There are a lot of sites out there that teach elementary Korean. There is also an abundance of free basic Korean classes around Seoul. But what happens when you’ve finished the highest level that your hakwon offers? What is one to do when you’ve gone as far as you can in the Korean-language educational system?
Chances are that once you’ve gotten to that point, you’ve just realized how much further you have to go. You’ve climbed atop the highest lily pad in your pond only to see the vastness of Korean unfurl before you like an ocean. What do you do now?
You can head over to Yonsei, “the Mecca of Korean-language education” (ahem), to take Level 7, if they have enough students to open it that semester. But what to do when you’re done with that?
This is exactly the dilemma I faced: After finishing Level 6 way back in 2005, I was overflowing with zeal to continue my language studies but advanced Korean is almost impossible to find.
The truth is, you may feel that you are pretty slick if you’ve persevered all the way through Level 6 in your Korean class, but your Korean vocabulary is probably still more limited than the English vocabulary of any Korean you’ll come across.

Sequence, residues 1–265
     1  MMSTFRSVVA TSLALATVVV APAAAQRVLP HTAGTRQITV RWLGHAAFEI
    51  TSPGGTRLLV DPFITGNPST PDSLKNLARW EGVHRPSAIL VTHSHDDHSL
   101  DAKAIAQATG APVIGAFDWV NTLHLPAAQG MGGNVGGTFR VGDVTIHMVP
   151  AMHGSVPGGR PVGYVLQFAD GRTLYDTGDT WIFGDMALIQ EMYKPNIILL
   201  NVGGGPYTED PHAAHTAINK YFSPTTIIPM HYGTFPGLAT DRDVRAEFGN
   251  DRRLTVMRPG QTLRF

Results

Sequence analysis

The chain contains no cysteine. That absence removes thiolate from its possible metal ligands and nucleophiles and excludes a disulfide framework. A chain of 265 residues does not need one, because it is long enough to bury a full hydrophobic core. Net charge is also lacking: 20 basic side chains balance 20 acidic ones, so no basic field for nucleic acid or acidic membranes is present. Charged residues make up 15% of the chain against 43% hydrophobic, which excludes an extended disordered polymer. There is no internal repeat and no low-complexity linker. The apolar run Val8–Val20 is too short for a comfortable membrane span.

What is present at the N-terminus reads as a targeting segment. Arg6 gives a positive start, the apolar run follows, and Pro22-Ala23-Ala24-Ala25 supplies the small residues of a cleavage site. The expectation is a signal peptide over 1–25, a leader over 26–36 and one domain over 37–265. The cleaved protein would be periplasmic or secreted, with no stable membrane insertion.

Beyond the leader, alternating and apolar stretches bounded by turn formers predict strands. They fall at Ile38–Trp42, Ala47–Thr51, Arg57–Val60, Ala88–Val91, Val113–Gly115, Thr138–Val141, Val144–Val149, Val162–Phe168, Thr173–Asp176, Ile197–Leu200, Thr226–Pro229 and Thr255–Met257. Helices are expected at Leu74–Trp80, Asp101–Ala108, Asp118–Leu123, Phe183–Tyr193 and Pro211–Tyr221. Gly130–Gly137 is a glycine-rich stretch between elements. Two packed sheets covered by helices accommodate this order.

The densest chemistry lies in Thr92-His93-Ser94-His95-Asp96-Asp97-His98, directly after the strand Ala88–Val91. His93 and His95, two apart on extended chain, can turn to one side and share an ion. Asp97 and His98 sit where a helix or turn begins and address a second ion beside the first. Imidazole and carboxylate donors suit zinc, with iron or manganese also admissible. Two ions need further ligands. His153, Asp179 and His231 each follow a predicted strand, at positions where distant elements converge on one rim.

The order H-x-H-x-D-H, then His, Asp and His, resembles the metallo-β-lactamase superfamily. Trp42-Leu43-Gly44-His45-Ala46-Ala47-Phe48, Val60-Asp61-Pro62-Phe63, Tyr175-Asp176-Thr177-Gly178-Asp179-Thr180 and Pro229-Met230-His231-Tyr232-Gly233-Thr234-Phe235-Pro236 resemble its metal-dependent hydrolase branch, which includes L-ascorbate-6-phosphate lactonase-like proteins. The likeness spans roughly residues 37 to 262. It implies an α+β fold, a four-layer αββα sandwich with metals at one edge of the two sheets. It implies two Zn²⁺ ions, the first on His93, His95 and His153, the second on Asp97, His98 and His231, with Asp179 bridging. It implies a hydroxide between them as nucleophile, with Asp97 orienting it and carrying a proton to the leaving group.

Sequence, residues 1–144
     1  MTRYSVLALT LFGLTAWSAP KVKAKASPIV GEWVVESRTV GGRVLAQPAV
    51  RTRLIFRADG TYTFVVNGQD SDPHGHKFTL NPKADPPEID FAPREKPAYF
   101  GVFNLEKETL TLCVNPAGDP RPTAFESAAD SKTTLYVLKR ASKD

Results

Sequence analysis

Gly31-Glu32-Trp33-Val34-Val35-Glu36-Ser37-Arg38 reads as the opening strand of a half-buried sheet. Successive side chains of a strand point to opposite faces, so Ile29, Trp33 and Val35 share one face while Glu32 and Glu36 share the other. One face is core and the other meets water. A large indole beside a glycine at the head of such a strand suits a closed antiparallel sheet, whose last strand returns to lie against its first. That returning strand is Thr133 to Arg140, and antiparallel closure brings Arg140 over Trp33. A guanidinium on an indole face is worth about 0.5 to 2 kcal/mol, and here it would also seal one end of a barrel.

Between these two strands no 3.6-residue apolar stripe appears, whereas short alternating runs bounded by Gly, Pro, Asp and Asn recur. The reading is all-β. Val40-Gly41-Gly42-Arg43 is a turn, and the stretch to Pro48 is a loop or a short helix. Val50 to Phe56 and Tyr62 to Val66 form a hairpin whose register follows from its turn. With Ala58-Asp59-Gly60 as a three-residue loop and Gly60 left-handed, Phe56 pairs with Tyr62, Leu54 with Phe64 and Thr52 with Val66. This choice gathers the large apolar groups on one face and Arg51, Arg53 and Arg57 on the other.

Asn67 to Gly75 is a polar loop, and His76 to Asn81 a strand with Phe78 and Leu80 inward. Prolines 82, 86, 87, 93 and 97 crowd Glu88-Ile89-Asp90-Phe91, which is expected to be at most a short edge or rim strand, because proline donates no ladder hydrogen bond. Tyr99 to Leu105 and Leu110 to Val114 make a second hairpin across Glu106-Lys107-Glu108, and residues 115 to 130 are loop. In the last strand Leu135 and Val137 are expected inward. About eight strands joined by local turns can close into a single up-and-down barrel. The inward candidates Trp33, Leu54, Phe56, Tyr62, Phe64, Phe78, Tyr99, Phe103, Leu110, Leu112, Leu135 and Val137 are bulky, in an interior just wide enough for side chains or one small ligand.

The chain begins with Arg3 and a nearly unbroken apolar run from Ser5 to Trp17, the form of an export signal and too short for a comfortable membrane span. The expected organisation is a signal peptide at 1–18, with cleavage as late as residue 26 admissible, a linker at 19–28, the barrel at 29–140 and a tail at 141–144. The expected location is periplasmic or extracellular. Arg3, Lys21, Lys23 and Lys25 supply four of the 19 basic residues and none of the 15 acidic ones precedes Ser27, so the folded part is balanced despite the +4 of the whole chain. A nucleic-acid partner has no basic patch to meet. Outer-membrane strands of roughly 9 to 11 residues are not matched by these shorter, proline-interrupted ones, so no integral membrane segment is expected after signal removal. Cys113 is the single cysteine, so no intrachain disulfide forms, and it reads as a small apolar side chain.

In other words: Level 6 is the beginning of your Korean education — not the end. But after Level 6, you are on your own. And that can be very discouraging.
Koreans hoping to study advanced English have an almost unlimited variety of fun and innovative methods for studying English: signing up for the American sitcoms class at the local hakwon, attending debate classes, studying advanced essay-writing. But what do we have? Tackling the next dry-as-a-wafer Korean text from the 1970s on our own?
I made this site to share study methods and free Korean-language study materials. I hope it is informative and fun for all. Let me know if you have any questions or comments.